When exactly does the 180-day window for filing a FRSA complaint with OSHA open and close? And when can equitable tolling keep that window from shutting?
In Privler v. CSX Transp. Inc. the Administrative Review Board spells it out:
An FRSA complaint must be filed within 180 days after an alleged violation of the FRSA occurred. The statutory limitations period begins to run when a worker “has final, definitive, and unequivocal knowledge of a discrete adverse act.” The date of filing will be considered as “the date of the postmark, facsimile transmittal, electronic communication transmittal, telephone call, hand-delivery, delivery to a third part commercial carrier, or in person filing at an OSHA office.”
Since Privler’s OSHA Complaint was filed 182 days after the Railroad terminated his employment, it was untimely. That is fatal unless the doctrine of equitable tolling applies, and the ARB spells out the four principal situations in which equitable modification of filing deadlines may apply:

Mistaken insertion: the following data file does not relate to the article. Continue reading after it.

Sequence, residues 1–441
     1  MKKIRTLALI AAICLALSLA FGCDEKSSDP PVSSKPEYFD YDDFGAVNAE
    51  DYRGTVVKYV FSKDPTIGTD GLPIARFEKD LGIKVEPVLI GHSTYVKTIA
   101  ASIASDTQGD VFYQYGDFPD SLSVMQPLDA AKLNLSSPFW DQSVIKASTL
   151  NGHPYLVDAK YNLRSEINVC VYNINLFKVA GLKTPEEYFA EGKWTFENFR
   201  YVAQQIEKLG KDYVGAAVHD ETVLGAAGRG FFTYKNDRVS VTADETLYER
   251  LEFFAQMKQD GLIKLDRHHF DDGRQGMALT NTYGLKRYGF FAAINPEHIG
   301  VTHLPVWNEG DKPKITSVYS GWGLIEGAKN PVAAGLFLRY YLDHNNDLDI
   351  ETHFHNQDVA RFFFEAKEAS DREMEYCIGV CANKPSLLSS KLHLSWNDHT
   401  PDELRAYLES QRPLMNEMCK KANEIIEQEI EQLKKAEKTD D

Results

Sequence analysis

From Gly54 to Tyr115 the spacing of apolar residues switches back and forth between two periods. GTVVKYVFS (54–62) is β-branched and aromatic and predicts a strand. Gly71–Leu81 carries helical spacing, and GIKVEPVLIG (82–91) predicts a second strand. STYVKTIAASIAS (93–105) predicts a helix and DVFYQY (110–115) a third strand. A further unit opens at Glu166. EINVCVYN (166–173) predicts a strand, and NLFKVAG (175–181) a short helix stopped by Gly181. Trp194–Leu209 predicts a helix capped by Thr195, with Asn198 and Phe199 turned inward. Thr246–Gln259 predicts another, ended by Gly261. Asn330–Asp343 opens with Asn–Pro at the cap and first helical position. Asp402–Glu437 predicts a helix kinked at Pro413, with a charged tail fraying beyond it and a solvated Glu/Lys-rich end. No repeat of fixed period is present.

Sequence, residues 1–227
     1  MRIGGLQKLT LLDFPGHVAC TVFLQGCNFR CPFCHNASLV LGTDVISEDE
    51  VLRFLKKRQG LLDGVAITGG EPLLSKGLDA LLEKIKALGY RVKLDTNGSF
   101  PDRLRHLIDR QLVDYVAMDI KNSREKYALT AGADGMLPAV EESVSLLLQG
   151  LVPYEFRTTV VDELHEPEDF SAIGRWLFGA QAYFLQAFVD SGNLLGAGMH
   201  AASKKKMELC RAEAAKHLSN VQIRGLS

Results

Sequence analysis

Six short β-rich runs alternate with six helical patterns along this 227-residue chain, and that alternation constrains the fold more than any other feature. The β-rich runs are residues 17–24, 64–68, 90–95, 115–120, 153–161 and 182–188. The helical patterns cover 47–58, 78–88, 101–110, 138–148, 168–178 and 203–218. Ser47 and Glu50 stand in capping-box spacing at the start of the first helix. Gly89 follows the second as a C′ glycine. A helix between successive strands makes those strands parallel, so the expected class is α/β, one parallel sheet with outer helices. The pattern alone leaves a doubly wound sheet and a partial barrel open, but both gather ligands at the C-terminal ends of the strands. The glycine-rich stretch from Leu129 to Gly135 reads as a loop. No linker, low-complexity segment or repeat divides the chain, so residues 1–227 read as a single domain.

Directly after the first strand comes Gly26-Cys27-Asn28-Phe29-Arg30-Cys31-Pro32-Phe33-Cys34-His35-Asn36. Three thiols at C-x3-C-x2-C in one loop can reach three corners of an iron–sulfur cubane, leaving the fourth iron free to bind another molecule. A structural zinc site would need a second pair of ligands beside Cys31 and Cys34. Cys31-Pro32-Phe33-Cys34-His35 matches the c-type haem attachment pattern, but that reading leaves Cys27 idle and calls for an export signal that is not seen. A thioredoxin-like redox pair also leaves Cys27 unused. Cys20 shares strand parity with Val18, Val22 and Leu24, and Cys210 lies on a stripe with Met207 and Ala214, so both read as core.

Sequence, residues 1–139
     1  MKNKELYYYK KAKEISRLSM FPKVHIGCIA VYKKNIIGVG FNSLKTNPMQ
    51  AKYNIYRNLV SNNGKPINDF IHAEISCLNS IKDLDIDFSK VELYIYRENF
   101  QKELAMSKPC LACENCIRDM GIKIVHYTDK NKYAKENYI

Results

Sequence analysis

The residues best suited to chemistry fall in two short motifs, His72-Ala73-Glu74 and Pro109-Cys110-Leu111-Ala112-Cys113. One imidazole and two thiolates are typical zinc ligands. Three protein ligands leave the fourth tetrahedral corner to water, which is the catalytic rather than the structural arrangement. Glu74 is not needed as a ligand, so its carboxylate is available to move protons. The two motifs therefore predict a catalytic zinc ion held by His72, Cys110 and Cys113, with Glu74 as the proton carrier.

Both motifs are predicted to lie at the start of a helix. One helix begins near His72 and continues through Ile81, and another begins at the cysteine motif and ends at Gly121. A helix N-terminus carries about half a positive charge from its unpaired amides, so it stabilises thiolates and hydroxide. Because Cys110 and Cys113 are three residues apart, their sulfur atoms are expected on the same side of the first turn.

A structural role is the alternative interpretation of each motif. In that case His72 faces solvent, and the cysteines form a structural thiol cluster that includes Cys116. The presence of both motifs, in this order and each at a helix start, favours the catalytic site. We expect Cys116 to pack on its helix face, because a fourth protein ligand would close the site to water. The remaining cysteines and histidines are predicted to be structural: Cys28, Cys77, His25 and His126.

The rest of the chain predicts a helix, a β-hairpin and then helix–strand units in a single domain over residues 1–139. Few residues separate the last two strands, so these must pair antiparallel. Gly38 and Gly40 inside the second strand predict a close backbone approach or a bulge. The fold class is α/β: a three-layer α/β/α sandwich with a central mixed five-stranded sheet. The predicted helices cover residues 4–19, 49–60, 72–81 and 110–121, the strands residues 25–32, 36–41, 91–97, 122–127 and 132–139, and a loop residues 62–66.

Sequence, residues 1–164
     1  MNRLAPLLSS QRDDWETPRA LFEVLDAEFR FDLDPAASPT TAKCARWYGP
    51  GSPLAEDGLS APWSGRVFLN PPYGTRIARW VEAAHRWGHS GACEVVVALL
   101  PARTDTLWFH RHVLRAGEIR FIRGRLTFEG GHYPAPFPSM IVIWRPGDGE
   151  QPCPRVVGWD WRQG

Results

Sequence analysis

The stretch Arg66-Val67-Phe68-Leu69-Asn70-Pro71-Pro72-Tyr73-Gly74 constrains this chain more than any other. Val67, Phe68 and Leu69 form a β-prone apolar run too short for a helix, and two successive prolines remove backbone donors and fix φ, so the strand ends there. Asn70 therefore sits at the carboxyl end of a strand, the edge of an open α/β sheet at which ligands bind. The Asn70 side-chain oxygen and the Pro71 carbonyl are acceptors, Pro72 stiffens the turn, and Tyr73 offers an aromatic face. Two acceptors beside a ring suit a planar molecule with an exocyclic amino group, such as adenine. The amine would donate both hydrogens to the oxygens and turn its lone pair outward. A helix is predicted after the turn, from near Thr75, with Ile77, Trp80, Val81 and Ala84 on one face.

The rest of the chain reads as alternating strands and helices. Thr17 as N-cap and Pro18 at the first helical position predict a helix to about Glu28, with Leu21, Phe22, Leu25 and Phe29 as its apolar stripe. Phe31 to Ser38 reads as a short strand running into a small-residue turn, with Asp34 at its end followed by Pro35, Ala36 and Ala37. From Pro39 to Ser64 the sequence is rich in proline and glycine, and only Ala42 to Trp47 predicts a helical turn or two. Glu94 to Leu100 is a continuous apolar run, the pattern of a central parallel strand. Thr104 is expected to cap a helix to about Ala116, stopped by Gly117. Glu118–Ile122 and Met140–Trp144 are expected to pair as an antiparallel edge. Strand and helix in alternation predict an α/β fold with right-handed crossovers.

(1) the railroad has actively misled the employee regarding the cause of action;
(2) the employee has in some extraordinary way been prevented from filing his or her action;
(3) the worker has raised the precise statutory claim in issue but has done so in the wrong forum; and
(4) the railroad’s own actions or omissions have lulled the employee into foregoing prompt attempts to vindicate his or her rights.
In the railroad industry, typically there is a series of actions culminating in the imposition of discipline: a notice of disciplinary charge, a notice of disciplinary hearing, the hearing itself, and the post-hearing decision to actually impose a concrete amount of discipline. Each action is arguably adverse and opens up its own 180-day window for filing a FRSA complaint with OSHA. But best practice is to file with OSHA within 180 days of the first arguably adverse action.
Filing within 180 days of the railroad’s post-hearing decision to actually impose a concrete amount of discipline is sufficient. But waiting for the conclusion of the usually lengthy internal and external disciplinary appeal process is not advised, as it only invites the filing of a motion battling over when the employee had or should have had “final, definitive , and unequivocal knowledge of a discrete adverse act.”
Here is the full attorney fee decision in Privler v. CSX. For more on the rights of railroad workers, go to the free Rail Whistleblower Library.